So when we choose to take that recognition away, to not acknowledge content curation or information discovery or whatever we call this, we’re essentially robbing someone of their creative labor, and perpetrating another form of piracy. Whether we call it link love or the via crediting, giving credit online is incredibly simple, it’s much easier than doing a proper literary citation or clearing image rights, and yet there’s precious little of it online. And for publishers and curators, it’s not about “getting traffic” or “monetization” or any of those dreadful SEO terms. It’s about something much more deeply human, the same thing that I believe underpins every human aspiration and action, and it’s as true of suicide bombers as it is of the greatest artists and poets: And that is the desire to matter in the world, to be seen, to know that our existence makes a difference, that our creative and intellectual labor is of value to the world.

It’s quite telling, I think, that the amount of work that went into florilegia in the Middle Ages made them the most lavish and expensive books to produce at the time. And I have to wonder, when did we lose this sort of creative meritocracy in how we treat dot-connecting content curation and today’s culture? When did we stop valuing the enormous amount of effort and time and thought that goes into culling and connecting ideas that shape humanity’s creative and intellectual direction?

Here’s Kevin Kelly, futurist and Wired founder and brilliant, brilliant man, pondering the future of the book:

Over the next century, scholars and fans, aided by computational algorithms, will knit together the books of the world into a single networked literature. A reader will be able to generate a social graph of an idea, or a timeline of a concept, or a networked map of influence for any notion in the library. We’ll come to understand that no work, no idea, stands alone, but that all good, true and beautiful things are networks, ecosystems of intertwingled parts, related entities and similar works.”

So it’s my hope that we’ll find a way to respect these human synapses of networked knowledge and enablers of combinatorial creativity, and to codify that respect, and indoctrinate it and integrate it with our cultural framework, with how we think about creativity and intellectual property and human labor.

We live at a time when we have a rare opportunity to make up the rules, because they haven’t been invented yet. To set the standards and the norms and the honorable way of doing things. And this, I believe, is our responsibility as publishers and curators and consumers of information. Again, it comes down to choice: The normative models we choose today will shape how much our culture will value this form of creative labor tomorrow.

I love these words from Gandhi:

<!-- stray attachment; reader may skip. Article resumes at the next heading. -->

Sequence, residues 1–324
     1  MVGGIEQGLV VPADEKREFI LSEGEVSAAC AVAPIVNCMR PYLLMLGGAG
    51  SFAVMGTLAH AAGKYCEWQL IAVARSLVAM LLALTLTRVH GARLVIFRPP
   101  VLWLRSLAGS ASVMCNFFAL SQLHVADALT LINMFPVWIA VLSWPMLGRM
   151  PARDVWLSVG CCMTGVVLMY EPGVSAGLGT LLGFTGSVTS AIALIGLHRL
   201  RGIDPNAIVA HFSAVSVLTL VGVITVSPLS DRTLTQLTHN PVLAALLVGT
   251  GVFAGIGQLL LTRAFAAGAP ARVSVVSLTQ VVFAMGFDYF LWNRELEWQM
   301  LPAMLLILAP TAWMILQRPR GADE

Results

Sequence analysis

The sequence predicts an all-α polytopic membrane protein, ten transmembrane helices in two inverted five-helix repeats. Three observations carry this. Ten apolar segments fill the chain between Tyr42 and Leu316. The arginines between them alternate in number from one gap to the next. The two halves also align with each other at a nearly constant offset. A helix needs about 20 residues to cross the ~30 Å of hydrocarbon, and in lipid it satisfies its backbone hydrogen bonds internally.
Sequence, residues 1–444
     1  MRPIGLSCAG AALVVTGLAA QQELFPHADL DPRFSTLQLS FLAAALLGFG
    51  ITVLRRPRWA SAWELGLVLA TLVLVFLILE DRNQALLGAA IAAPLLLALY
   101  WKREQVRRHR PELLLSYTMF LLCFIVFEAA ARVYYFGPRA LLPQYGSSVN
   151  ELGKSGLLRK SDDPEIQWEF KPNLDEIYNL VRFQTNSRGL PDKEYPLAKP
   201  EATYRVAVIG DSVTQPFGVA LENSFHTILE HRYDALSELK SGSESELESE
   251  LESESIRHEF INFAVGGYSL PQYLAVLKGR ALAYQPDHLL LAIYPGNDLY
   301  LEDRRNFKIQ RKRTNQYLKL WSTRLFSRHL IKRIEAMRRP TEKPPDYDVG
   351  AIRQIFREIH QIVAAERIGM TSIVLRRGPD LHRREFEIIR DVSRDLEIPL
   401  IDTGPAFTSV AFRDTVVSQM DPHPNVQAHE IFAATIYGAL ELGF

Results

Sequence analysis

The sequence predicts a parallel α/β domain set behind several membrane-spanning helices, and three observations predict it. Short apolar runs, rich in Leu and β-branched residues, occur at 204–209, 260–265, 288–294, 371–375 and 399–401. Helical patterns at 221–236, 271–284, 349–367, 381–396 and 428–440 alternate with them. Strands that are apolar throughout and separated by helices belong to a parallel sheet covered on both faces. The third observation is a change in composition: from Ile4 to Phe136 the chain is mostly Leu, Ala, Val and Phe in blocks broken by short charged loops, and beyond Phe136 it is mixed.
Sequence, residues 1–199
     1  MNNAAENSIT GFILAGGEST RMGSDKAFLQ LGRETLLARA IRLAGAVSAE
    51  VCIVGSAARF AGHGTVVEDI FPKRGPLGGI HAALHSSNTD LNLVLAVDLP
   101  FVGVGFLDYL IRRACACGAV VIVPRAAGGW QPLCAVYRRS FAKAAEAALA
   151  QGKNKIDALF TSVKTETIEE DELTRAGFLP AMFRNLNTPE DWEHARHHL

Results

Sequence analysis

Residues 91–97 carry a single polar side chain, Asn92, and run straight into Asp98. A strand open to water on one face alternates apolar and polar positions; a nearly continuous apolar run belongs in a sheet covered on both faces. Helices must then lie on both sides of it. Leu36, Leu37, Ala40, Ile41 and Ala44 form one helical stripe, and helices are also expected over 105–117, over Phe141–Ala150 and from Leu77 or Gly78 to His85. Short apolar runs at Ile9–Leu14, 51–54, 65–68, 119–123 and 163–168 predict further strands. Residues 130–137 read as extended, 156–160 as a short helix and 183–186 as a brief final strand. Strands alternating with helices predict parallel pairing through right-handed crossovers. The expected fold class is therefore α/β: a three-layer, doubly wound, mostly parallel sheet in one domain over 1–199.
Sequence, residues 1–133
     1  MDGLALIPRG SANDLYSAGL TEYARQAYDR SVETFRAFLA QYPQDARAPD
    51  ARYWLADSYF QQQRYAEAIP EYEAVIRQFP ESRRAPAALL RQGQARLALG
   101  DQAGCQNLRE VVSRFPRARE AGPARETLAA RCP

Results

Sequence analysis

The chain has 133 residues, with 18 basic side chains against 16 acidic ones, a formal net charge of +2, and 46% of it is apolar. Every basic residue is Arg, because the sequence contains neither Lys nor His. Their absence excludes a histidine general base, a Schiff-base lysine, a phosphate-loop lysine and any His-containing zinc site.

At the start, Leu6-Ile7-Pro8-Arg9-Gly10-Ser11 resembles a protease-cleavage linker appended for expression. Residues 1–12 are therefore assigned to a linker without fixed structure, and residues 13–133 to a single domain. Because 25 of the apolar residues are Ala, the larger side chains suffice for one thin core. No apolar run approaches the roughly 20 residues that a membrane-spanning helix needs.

Our thoughts become our words, our words become our actions, our actions become our character, our character becomes our destiny.”

How we choose to pay attention, and relate to information and each other shapes who we become, shapes our creative destiny and, in turn, shapes our experience of the world. And, in my mind, there’s nothing more important than that.

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18 JULY, 2011

Ai Weiwei: Without Fear or Favour, a BBC Documentary

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Exploring the role of art as an agent of change, or what 100 million porcelain seeds have to do with Twitter.

Creative visionary, political activist and post-modern Renaissance man Ai Weiwei is China’s most widely known and politically vocal contemporary artist. His now-legendary Sunflower Seeds installation for the Tate Modern in October 2010, which took 2.5 years and 1,600 Chinese artisans to produce 100 million hand-crafted sunflower seeds from the finest Chinese porcelain, offered powerful commentary on consumerism, Chinese industry, human rights and collective labor. In February 2011, a 220-pound pile of the seeds sold for $559,394 at Sotheby’s in London. On 3 April, 2011, Ai Weiwei was detained under harsh conditions for over two months without any official charges being filed, on allegations of “economic crimes.”

On June 22 2011, following a large and sustained outcry by international human rights organizations and prolific Western media coverage, the Chinese government released Ai Weiwei on bail, under a number of conditions. But the controversy surrounding his work and the provocative political questions raised by his arrest remain an important part of the global dialogue on art, activism and freedom of speech.

He uses the publicity he gets in a very knowing way, and he uses exhibitions and projects, like the Bird’s Nest stadium, as a platform to be visible and to be able to turn them against themselves. And that’s extremely interesting, and a very sophisticated way of being an artist.”

This fascinating hour-long documentary titled Ai Weiwei: Without Fear or Favour, released by BBC One’s Imagine program earlier this year and recorded shortly prior to Ai Weiwei’s arrest, helps contextualize his work, its cultural significance and its implicit political tensions. Ironically, the film — which deals with issues of openness, censorship and accessibility — is not viewable outside the U.K. thanks to BBC’s restrictive digital media policies, but it’s available on YouTube in its entirety, at least for the time being, thanks to what seems to be Ai Weiwei’s own Chinese YouTube account. Enjoy.